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How to Grow a Low-Maintenance Garden


Trouble-Free Planting

If you are used to cutting your lawn every week and shearing your shrubs once a month, you may be relieved to know that there are easier ways to keep your yard looking nice. Low-maintenance gardening begins with choosing plants ideally suited for your yard's conditions so they won't need coaxing to stay alive. Another low-maintenance but beautiful option is container gardening. Just choose your favorite annuals or perennials, and grow them in groups of containers -- no yard required!

No matter what your approach, there are many ways to keep gardening more fun than it is challenging. Let's start by taking a look at what types of plants to put in your garden -- and which to avoid -- for easy care.

Compact Shrubs
Following are some great options for low-maintenance compact shrubs.
  • Dwarf balsam fir
  • Compact azaleas
  • Compact barberries
  • Compact boxwood
  • Heather
  • Compact false cypress
  • Cotoneasters
  • Daphne
  • Deutzia
  • Fothergilla
  • Hydrangea, French and oakleaf
  • Hypericum
  • Compact hollies
  • Compact junipers
  • Leucothoe
  • Mahonia
  • Dwarf Korean lilac
  • Dwarf spruce
  • Japanese andromeda
  • Mugo and other small pines
  • Potentilla
  • Pyracantha
  • Roses
  • Spirea
  • Stephanandra
  • Compact viburnums

Some plants are naturally easier to keep, requiring little but suitable soil and proper exposure to grow and prosper. You can plant them and let them be without worrying about pests and diseases or extensive pruning, watering, fertilizing, or staking. Spending a little time finding these easy-care plants will prevent hours of maintenance in coming years.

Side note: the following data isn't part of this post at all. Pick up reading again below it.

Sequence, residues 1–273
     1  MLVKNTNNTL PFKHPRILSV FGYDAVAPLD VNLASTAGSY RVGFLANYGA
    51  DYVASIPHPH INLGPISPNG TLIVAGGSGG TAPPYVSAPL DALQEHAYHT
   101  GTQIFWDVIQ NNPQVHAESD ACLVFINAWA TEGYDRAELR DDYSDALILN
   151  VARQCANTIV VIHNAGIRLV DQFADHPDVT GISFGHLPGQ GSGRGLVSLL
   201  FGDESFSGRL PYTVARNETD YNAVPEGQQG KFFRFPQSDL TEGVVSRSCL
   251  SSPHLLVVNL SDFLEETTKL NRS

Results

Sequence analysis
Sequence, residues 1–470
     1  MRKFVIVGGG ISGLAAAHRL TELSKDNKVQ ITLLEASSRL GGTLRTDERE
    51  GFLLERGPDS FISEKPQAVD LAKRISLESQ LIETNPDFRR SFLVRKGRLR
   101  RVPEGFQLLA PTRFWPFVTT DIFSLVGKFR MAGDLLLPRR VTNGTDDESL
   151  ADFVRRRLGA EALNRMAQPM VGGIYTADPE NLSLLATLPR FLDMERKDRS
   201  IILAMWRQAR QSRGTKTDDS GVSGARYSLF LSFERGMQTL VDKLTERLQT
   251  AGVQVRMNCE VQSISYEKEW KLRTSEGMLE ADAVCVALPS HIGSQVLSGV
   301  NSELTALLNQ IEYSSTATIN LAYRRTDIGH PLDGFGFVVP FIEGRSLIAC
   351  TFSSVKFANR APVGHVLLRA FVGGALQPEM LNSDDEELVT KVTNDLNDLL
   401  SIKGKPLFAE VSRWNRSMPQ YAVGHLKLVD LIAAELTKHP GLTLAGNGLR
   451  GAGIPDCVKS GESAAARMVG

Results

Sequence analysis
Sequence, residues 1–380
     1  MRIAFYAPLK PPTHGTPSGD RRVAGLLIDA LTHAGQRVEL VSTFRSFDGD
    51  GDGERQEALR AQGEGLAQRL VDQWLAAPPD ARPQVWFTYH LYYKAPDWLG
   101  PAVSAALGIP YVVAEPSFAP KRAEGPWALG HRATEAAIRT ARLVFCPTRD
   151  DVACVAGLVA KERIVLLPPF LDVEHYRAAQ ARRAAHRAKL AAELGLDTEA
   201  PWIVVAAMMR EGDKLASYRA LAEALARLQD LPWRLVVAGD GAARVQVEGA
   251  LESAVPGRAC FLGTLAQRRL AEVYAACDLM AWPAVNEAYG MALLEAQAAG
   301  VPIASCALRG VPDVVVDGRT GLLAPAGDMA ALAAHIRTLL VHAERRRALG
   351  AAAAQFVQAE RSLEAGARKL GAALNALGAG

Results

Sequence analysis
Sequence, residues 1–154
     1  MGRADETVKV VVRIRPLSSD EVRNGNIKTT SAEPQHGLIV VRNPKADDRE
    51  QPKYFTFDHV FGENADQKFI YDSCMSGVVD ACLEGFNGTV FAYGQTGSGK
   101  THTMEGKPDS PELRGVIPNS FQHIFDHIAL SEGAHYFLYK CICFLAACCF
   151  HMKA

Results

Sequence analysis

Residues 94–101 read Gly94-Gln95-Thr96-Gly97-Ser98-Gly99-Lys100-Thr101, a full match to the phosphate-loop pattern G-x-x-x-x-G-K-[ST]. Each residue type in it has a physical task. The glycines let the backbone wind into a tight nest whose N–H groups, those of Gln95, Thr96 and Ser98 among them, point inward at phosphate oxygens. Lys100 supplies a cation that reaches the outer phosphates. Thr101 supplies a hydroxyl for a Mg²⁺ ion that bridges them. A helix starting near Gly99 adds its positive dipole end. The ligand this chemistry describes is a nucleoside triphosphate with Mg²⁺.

• Choose dwarf and slow-growing plants to eliminate the need for pruning and pinching. Tall shrubs just keep growing, and growing, and growing . . . sometimes getting too big for their place in the landscape.

    Lilacs, for example, commonly grow to 12 feet high. If planted by the house, they could cut off the view from the window. The only solution is regular trimming or replacement. A better option is to grow dwarf shrubs or special compact varieties that will only grow 2 to 4 feet high. They may never need pruning and won't have to
    be sheared into artificial globes.

    Tall flowers and vegetables may not be able to support the weight of their flowers and fruit. They might need staking, caging, or support with a wire grid to keep them from falling flat on their faces.

    Flowers such as delphiniums, asters, and Shasta daisies are now available in compact sizes that are self-supporting. And shorter types of daylilies are less likely to become floppy in light shade than taller types. Compact peas and tomatoes, while not entirely self-
    supporting, can be allowed to grow loosely on their
    own, or they may need only small cages or supports to be held securely.

  • Avoid fast-spreading and aggressive perennials such
    as yarrow, plume poppy, 'Silver King' artemisia, and
    bee balm. Although these plants are lovely, they have creeping stems that can spread through the garden, conquering more and more space and arising in the middle of neighboring plants. Keeping them contained
    in their own place requires dividing -- digging up the plants and splitting them into smaller pieces for replanting. This may need to be done as often as once a year. It's better to just avoid them.

  • Avoid delicate plants such as delphiniums, garden phlox, and hollyhocks, which need extra care and staking. Although spectacular in bloom, these prima donnas require constant protection from pests and diseases, plus pampered, rich, moist soil and, often, staking to keep them from falling over. If you simply have to try one, look for compact and/or disease-resistant cultivars, which are easier to care for.

  • Turn a low, moist spot into a bog garden for plants that need extra moisture. You can even excavate down a little to create a natural pond. Plant the moist banks with variegated cattails, sagittaria, bog primroses, marsh marigolds, and other moisture-loving plants.

    Famous Gardens Image Gallery

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